"This is an abc podcast. Do you need mental health support to deal with. Climate anxiety caused by activists some government. Mp's hello avenue is he. We're going to talk to one of them in a second on this episode of hack and video antique talk went viral these year which exposed to random goals fa- leaving at one of their friends and not inviting her to their party. It's led to millions of people racing out to the woman who wasn't invited her. Name's marissa we're going to talk to her later on this podcast and find out how she turned. These mortifying situation into a really wholesome event have had panic attacks climbing trauma on triple j. Are you feeling stressed. All worried about climate change the massive ipcc report that came out a few weeks ago. It was the biggest report into these problem ever found unless governments take urgent action. They will be more extreme weather in australia. And around the world like fis floods and say level rises solve some government as of now. Come up with a plan. They say to support you throughout that to invest in more school chaplains. They've said the chaplains could help deal with mental health problems caused by climate activism which they say has been alarmist. Love to know your thoughts on this plan would chaplains at schools. Help you cope with this over three nine seven. Five seven triple five. One of the members of the government pushing for this is assistant. Youth minister luke halif. Thanks for coming on. Heck yes thanks. A lot have any. It's great to be with you and your listeners. So what do you think is causing. More mental distress young people climate change or climate activism I'd say that climate change is definitely causing some mental health. Full youth as you. System minister for youth listened to a lot of young people. The usage group is fifteen to twenty five and it makes up about fifteen percent of the australian population. And the uc's that are important to you. That are being fed back to me. He's obviously around the environment In climate change mental health and then jobs and secure of work then the miami. She's for youth hearing as well. So what are your concerns about climate activism in we'll climate act the the article that was quoted. I'm assuming that you saw in the guardian. He's one hundred percent correct. What i was saying about Climate activism is always putting it squarely at the fate of the australian greens and some independence. We continually tool down the good work. The australian government is doing to address climate change. They never having anything positive to say. And the concern that i have vanni. Is that the strain youth and not hearing the messages about what the government is doing because it's taking climate change very seriously and they are actually doing a lot to help reduce. It came to get to the government's plan in a second. But i can you explain what you're hoping will happen with chaplains in schools. Wise that this method to help young people through this as i said that the article was a little bit out of context because i was speaking about climate change and and Perhaps some political parties talking about chaplaincy with a separate issue but in queensland we're on by chaplains play a very important role throughout a lot of state schools in in queens and enteritis drier in primary schools and high schools. And i play very important roles separate to say what a psychologist would or i A psychiatrist would say. I mean how i school chaplains here. They help children and youth you with a whole range of issues that could be for example. The loss of a loved one the loss of a mother or a father. They help them deal with grief. I it could be around the mental health of lockdowns from nineteen and how that is affecting them as well or it could be just with families losing work. They're able to help them out with food hampers or petrol money so they address a whole range of issues. Psychologists dying day could be addressing climate change anxiety or concerns around this major issue young table. Well i think certainly they could. They could talk to that. Usa does all aspects that concern them. That's the thing about chaplain there on the ground. They have a presence every day. They provide a saif place in a non-judgmental wife said they'd just ready to talk to us about all sorts of issues okay. Can you clarify exactly what the plan is so do you. Do you support more chaplains in australian schools. Then that -solutely. I'm chaplains do a wonderful job. We had them in about three thousand one hundred School strata right. Lotta those schools are in queensland whip particularly. They've had a strong by see for a couple of decades. The issue is the federal funding. It's about sixty one point four million dollars a year. He's enough for the growth without straying. Population growing some schools. Don't get any funding little and i wanna chaplain. It's a voluntary program. It's not Full they don't have to have a chaplain. But there's a lot of schools crying out for chaplains. And i'd like to see a little bit more funding from the federal level to help address that everyone can that. Mental health is a major issue especially for young people not just with curve in nineteen climate. Change as you've mentioned but the texts on is going off. Luke how people saying what about qualified psychologists in school instead what qualified psychologist whack for forty five thousand a year. That's what i'd say vanni because what this does is it's about twenty thousand dollars per school. Twenty four thousand in regional areas and then then the chaplains rise the rest of that money through a local chaplaincy committee now in relation to psychologists and psychiatrists they plan essential role. And we want to see more of them that the reality is now with the record funding. The morrison government's putting in mental health. And you should talk to assistant minister david coleman about that there is so much going through head spice and everything else that would doing that. There's actually a shortage of psychologists is actually not enough around right now. But i'm gonna tell you one thing so obviously. There's a price issue there so why not you acknowledged. Mental health for young people is an issue. Why not invest that money in psychologist. We know that young people moving away from religion. We know that not. Everyone is of the christian faith. Wouldn't you want to be more inclusive in supporting young food through these mental. Vanni the the issue of chaplains. Whether that i play an important role in australian schools was lost twenty years ago because the young people that listen to your program particularly in queensland if you go into quainton but i'm sure newsouth wiles if i've had experience with school chaplains it's normally hundred percent. Positives chaplains are. They're not no religious capacity. Sure some of them. What have christian fight and have a faith in jesus and everything but at the end of the day.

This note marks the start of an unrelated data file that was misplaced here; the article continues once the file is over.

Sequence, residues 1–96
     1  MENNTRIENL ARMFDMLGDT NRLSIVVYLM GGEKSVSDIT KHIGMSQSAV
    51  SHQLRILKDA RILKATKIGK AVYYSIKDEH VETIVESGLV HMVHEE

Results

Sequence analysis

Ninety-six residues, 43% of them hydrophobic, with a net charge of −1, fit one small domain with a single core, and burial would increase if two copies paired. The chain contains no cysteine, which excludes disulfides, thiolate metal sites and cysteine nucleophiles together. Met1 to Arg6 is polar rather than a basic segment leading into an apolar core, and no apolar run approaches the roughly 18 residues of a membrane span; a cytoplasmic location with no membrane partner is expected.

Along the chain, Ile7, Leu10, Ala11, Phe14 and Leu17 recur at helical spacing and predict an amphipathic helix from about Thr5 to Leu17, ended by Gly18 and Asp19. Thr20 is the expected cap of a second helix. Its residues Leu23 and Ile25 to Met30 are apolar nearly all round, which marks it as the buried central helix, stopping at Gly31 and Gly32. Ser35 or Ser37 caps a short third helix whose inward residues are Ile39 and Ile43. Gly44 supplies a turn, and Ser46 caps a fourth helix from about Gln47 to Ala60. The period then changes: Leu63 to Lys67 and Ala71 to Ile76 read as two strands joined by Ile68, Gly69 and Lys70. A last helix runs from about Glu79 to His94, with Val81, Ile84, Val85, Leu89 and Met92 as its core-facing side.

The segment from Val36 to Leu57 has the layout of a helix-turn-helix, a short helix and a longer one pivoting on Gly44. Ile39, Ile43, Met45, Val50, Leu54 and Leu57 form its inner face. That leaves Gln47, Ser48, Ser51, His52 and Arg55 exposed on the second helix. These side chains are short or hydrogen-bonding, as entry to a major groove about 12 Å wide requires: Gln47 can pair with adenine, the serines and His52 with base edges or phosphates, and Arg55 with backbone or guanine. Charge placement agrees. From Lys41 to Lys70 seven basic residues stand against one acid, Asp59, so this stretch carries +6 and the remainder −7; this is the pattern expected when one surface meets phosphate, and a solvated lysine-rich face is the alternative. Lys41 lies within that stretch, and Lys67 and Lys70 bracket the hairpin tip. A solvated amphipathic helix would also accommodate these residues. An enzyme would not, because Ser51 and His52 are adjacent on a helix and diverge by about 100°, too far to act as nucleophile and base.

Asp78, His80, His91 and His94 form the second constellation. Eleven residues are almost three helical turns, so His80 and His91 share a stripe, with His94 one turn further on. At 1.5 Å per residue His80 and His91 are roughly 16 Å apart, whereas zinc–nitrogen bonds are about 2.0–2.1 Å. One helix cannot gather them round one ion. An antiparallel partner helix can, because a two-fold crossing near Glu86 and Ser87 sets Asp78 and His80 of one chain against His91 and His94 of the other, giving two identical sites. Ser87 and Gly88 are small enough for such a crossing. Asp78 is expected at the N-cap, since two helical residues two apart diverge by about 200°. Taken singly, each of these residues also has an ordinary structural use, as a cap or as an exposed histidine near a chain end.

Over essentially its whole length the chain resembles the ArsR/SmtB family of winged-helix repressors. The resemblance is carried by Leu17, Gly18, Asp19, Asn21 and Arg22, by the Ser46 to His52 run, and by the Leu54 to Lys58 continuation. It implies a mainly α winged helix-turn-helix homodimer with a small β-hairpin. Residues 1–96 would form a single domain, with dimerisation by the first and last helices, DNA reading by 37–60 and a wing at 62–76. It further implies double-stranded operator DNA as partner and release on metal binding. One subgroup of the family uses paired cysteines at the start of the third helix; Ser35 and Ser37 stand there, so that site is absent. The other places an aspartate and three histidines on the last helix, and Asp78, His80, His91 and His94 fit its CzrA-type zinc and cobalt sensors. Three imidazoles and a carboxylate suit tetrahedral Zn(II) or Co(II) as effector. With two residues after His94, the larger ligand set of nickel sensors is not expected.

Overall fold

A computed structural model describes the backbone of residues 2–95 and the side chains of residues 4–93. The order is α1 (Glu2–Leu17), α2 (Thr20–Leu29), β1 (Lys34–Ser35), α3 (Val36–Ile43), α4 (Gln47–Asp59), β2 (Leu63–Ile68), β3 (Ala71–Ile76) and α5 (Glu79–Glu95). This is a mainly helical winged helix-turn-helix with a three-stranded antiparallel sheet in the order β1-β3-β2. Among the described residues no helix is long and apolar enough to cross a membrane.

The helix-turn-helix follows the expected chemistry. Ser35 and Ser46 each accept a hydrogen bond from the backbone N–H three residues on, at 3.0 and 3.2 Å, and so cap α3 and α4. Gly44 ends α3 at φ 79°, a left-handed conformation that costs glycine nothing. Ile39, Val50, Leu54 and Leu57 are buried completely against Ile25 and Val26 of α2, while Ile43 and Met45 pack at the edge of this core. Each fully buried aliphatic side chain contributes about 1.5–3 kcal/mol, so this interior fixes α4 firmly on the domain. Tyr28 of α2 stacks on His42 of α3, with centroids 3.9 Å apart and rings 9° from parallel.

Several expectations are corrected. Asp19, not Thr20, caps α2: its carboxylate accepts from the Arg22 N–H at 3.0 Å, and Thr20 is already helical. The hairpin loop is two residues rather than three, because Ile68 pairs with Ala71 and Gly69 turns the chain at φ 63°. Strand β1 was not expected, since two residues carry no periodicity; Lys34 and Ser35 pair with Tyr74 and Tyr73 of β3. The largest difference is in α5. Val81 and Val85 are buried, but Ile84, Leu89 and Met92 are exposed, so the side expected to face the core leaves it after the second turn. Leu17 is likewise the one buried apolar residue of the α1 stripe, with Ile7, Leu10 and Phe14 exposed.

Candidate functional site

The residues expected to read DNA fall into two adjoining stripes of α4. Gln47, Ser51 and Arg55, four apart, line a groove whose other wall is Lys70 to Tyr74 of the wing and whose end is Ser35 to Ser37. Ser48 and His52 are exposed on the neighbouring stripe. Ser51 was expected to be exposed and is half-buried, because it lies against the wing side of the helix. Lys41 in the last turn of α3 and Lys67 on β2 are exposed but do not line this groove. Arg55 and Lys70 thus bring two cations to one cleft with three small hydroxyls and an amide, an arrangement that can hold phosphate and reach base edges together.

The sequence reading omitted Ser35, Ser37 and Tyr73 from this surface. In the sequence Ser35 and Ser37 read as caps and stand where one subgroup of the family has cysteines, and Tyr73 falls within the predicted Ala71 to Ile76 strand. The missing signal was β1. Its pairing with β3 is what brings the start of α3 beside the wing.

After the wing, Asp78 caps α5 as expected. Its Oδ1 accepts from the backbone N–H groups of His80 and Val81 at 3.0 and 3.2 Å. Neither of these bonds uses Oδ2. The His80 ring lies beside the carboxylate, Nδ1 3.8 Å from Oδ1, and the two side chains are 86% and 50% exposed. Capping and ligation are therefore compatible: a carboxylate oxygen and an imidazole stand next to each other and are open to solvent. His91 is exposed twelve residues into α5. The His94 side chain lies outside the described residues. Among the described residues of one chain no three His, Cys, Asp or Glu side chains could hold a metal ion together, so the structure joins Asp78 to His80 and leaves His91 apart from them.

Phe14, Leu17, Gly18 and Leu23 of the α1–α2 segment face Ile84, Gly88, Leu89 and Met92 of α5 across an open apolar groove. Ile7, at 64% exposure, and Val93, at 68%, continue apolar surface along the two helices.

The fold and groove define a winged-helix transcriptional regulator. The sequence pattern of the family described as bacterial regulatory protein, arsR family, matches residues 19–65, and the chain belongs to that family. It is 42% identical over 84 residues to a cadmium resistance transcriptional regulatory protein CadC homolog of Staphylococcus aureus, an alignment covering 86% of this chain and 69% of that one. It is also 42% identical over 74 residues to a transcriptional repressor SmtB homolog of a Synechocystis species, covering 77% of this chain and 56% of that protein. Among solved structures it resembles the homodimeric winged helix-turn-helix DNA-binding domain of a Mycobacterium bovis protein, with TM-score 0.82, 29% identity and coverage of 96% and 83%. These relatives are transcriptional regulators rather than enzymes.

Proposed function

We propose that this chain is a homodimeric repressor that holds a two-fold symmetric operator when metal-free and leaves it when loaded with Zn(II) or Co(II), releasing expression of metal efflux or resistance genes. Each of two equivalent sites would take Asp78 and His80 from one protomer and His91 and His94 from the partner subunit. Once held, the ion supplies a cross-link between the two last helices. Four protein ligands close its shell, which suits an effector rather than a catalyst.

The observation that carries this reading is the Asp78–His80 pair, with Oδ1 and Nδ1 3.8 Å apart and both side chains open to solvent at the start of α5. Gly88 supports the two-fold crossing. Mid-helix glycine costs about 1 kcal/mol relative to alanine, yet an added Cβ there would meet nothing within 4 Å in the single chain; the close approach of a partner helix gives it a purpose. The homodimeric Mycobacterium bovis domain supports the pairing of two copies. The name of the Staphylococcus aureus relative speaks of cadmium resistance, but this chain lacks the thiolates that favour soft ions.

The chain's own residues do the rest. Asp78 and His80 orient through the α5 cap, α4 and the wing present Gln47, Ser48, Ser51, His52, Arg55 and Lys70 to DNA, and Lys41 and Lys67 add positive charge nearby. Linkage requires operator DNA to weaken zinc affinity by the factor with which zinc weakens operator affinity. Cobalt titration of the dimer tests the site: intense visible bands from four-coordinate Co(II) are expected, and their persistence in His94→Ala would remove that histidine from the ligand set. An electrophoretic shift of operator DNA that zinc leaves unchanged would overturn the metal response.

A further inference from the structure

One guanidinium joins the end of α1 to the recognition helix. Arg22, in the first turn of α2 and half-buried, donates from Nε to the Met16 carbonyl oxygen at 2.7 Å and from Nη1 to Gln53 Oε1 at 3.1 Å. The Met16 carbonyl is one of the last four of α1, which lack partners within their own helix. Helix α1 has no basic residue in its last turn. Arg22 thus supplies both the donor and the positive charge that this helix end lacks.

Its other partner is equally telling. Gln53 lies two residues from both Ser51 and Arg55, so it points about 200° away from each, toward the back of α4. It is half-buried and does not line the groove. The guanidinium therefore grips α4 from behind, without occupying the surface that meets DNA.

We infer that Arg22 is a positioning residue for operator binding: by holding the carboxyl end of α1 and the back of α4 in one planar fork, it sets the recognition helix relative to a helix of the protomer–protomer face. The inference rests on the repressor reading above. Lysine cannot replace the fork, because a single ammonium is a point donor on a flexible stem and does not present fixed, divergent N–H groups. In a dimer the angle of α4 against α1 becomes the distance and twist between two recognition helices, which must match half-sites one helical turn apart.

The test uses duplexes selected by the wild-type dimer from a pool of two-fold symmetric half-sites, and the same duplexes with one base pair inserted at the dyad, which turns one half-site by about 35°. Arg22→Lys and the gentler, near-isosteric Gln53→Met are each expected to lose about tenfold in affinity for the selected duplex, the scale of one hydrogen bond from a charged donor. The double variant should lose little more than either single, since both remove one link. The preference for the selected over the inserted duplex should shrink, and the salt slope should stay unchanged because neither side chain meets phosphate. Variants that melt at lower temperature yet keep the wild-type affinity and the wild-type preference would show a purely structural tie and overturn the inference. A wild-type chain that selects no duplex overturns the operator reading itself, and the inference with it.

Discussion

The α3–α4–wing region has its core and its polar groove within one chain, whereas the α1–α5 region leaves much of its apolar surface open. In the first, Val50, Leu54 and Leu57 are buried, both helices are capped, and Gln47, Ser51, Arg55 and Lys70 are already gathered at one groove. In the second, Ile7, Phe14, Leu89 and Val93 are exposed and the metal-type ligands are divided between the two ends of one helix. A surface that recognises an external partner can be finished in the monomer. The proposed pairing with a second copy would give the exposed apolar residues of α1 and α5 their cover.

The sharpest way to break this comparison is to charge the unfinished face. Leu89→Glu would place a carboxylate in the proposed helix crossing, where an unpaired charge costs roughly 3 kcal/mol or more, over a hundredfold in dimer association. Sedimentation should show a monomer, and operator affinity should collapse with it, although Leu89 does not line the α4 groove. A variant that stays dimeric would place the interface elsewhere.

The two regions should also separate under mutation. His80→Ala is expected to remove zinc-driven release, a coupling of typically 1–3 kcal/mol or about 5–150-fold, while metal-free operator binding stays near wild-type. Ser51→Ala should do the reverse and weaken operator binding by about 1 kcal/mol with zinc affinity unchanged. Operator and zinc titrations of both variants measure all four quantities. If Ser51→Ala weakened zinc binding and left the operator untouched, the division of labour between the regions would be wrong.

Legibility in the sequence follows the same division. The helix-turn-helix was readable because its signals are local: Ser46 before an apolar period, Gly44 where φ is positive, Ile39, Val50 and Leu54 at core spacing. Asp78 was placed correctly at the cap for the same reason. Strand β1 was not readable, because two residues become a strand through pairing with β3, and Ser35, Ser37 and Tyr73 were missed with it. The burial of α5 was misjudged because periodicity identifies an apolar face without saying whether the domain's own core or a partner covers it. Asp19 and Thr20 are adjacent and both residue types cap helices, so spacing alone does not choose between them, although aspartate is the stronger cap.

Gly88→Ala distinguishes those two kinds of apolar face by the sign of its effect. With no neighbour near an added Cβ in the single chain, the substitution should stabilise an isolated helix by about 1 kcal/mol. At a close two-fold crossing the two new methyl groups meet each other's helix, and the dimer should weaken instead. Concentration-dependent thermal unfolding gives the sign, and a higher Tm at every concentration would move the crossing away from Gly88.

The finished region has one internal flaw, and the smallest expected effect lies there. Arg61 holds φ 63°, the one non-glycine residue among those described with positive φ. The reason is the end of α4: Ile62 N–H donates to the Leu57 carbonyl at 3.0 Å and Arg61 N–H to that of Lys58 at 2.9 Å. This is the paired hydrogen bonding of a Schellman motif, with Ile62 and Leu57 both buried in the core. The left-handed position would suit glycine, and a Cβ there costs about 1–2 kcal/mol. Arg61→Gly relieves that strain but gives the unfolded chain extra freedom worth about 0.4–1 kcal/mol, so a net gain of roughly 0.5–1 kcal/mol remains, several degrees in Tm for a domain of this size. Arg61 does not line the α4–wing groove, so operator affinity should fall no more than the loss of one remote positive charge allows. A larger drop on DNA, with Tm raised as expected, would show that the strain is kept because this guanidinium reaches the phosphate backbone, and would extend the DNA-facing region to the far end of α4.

"morrison government" Discussed on WNYC 93.9 FM